Some writers talk about their muse, like they have only one. I have an entire family of muses; some of them I know REALLY well, and some of them I'm still meeting and learning about. (It's almost like marrying into a family and learning about your in-laws over the course of time.) My muses ACT like a family: they love and respect one another, but they also know how to tear each other apart (but no one else better try to tear them down...). Each one has a distinct personality, distinct quirks, and distinct ways of reacting to my life.
My poetic muse is the silent dreamer, the hopeless romantic. Often she manifests as a 17 year old girl, but from time to time, she is wise beyond her years and is more like an older and wiser version of herself. She sees life as it could be, but lives in the world as it is. She is hiding quietly in the corner right now, playing with words, phrases, thoughts and feelings that are better left unshared in public again.
My babbling muse, however, tends to take over and won't EVER shut up, more than thrilled that the poet has left the main stage for a bit. Apparently the babbling muse is a 7-year-old child (probably more female than male, judging by the babbling, but you've met my son, right?). She will ramble on and on about anything and everything in the hopes that somewhere along the line, something profound and meaningful will eventually emerge. (Guess which muse is working right now!)
My philosophical muse is somewhere around 40 years old and refuses to tell me how old he really is. He says that age is unimportant and gets annoyed if and when I even try to figure it out. He's far more interested in the "more important" parts of life: the how and why of everything, understanding people, politics, religion, and any other nebulous idea. He listens intently to the babbler, always scribbling down something in his notebook for further contemplation.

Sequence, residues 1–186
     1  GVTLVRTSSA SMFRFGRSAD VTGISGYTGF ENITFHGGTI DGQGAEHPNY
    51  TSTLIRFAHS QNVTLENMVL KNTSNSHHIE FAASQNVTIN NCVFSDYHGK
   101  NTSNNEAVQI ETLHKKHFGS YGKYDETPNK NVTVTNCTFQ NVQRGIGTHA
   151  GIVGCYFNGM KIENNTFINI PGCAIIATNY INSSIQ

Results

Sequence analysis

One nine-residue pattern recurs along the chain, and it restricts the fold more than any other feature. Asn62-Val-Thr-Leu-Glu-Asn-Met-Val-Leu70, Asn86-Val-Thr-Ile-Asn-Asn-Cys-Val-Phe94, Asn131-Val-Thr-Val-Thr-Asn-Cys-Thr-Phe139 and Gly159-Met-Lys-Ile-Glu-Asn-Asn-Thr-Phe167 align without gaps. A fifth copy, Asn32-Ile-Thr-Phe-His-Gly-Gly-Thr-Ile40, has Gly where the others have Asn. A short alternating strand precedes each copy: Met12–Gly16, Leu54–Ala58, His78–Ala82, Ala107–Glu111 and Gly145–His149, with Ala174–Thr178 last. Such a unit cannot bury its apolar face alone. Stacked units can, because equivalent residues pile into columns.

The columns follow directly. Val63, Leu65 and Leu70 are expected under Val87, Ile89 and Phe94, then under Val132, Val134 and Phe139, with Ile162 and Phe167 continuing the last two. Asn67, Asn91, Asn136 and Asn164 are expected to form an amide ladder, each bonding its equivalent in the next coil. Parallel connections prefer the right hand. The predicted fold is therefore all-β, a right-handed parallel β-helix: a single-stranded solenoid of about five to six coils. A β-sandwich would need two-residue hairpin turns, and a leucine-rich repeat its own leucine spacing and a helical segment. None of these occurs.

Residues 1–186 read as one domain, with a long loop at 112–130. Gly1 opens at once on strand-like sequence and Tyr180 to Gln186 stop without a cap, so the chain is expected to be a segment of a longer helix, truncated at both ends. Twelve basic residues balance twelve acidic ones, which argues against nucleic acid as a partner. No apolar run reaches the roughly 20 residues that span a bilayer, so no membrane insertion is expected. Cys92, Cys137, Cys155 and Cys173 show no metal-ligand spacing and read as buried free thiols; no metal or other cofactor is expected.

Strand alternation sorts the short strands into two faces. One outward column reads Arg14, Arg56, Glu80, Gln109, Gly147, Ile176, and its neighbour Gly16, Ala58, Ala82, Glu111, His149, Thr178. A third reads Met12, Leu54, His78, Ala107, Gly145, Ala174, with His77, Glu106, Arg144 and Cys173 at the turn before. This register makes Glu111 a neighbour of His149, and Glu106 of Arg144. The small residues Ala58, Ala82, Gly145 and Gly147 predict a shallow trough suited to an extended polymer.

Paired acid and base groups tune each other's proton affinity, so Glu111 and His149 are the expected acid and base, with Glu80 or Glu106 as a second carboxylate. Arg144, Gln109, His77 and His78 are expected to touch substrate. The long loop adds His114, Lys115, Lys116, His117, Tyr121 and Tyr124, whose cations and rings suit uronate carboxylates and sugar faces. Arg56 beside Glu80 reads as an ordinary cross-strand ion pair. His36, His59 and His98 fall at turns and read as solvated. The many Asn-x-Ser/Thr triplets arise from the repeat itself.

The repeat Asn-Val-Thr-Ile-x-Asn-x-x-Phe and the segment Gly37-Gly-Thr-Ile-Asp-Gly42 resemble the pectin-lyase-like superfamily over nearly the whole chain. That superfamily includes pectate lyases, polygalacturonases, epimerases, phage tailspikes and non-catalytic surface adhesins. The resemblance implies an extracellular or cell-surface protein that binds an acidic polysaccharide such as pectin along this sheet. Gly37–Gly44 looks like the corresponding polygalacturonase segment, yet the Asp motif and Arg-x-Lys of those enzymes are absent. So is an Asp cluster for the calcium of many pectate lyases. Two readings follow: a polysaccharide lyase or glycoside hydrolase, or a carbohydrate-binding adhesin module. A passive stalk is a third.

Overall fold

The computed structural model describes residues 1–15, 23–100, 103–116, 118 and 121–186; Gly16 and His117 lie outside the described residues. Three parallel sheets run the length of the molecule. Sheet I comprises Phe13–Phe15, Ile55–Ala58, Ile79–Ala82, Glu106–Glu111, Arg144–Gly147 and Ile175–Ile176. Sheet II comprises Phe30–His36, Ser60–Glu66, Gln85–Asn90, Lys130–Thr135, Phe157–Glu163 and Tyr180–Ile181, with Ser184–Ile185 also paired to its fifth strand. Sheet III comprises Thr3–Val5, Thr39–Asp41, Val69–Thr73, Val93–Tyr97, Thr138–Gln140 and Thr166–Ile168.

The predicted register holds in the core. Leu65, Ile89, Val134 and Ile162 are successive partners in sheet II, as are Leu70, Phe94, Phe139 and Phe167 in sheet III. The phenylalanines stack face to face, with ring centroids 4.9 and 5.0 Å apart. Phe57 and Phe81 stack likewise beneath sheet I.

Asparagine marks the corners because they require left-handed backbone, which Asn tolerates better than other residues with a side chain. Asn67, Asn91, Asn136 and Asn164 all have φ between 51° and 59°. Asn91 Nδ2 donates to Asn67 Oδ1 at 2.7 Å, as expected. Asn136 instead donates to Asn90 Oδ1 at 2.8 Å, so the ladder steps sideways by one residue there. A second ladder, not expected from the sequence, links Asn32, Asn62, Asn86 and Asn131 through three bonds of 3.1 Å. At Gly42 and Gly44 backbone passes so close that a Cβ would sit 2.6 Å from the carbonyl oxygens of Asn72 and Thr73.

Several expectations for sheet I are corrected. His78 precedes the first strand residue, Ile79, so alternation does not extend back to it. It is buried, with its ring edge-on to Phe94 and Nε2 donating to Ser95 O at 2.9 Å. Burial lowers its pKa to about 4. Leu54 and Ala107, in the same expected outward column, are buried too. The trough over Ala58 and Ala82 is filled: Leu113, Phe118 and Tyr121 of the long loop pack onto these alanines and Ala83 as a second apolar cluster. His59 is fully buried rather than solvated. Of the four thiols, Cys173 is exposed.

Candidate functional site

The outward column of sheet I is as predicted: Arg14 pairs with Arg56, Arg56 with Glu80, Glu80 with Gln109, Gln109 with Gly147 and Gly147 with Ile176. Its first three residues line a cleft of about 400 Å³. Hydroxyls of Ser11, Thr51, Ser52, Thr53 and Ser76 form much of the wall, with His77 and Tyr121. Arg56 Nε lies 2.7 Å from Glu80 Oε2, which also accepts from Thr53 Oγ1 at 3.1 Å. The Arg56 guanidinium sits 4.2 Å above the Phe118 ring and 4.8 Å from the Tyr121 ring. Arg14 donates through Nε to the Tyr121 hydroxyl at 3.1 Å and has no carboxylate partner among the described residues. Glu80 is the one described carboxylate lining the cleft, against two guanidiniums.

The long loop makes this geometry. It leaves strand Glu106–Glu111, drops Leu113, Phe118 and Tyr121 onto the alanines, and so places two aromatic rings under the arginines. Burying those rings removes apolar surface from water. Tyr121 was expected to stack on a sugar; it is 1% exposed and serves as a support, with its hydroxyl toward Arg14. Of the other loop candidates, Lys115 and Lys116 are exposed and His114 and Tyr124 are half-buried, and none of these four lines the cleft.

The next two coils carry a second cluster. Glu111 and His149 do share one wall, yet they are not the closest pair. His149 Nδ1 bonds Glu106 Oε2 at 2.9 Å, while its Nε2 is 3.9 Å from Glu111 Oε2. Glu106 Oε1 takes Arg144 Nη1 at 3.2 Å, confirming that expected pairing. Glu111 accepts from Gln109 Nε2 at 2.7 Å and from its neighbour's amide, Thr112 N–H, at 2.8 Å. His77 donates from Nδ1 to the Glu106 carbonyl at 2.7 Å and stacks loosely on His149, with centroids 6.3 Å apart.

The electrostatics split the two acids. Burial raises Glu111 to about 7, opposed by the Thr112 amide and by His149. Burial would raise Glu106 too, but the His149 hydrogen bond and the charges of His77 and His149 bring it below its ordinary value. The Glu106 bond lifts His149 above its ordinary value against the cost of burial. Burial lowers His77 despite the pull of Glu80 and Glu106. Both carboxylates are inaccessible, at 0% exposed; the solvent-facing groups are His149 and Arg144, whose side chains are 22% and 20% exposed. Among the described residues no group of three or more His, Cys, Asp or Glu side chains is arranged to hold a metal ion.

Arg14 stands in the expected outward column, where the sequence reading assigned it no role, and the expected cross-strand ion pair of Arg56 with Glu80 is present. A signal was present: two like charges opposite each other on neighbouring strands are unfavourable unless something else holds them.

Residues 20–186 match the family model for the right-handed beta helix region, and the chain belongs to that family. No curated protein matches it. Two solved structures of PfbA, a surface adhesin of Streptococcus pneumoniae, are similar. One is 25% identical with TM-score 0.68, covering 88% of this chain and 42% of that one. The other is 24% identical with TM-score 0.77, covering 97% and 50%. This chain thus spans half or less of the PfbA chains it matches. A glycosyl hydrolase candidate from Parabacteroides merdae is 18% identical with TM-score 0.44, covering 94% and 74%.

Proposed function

My erotic muse (which I'm convinced every writer has hidden inside, but many choose to keep locked away) is an exotic seductress. She spends most of her time dreaming up fantastical adventures that could probably never happen in real life. She's quite fond of teasing the rest of the family, throwing all sorts of crazy ideas into their projects, just to see what they will do with them. No one is sure how old she is either (and everyone knows better than to ask a woman her age). I wouldn't even begin to guess with her; she can be rather vindictive and I don't know that I'd like her when she's angry.
My lyrical muse is a twin to the poet. I'm only starting to get to know him, but he likes to take the ideas of the philosopher and mix them with the babbling and the hopeless dreaming of the poet and turn them into something that brings honor to them all. He's the most level headed of the bunch and can generally put even the erotic in her place and make her behave... sometimes.
My storyteller muse is the grandfather/mother of the family. (S)He has seen it all and knows all. I think (s)he is the spry-est 93 year old I've ever met. And (s)he LOVES to talk, oversee the family, make sure they all do what they're supposed to, and then bring them all together for holiday dinners or a family picnic from time to time. (S)He is the glue that holds them all together, reminds them that they need one another, and generally loves and encourages them when they fall.
They influence one another, assisting each other with their daily tasks and "household maintenance" (where the house is my mind, of course). They have long conversations and arguments all the time which drive me to set up semi-permanent residence in the land of insanity (maybe I'm just living in the suburbs?).
There are others who live here. I know I haven't met them all, but as I meet them, I'll share.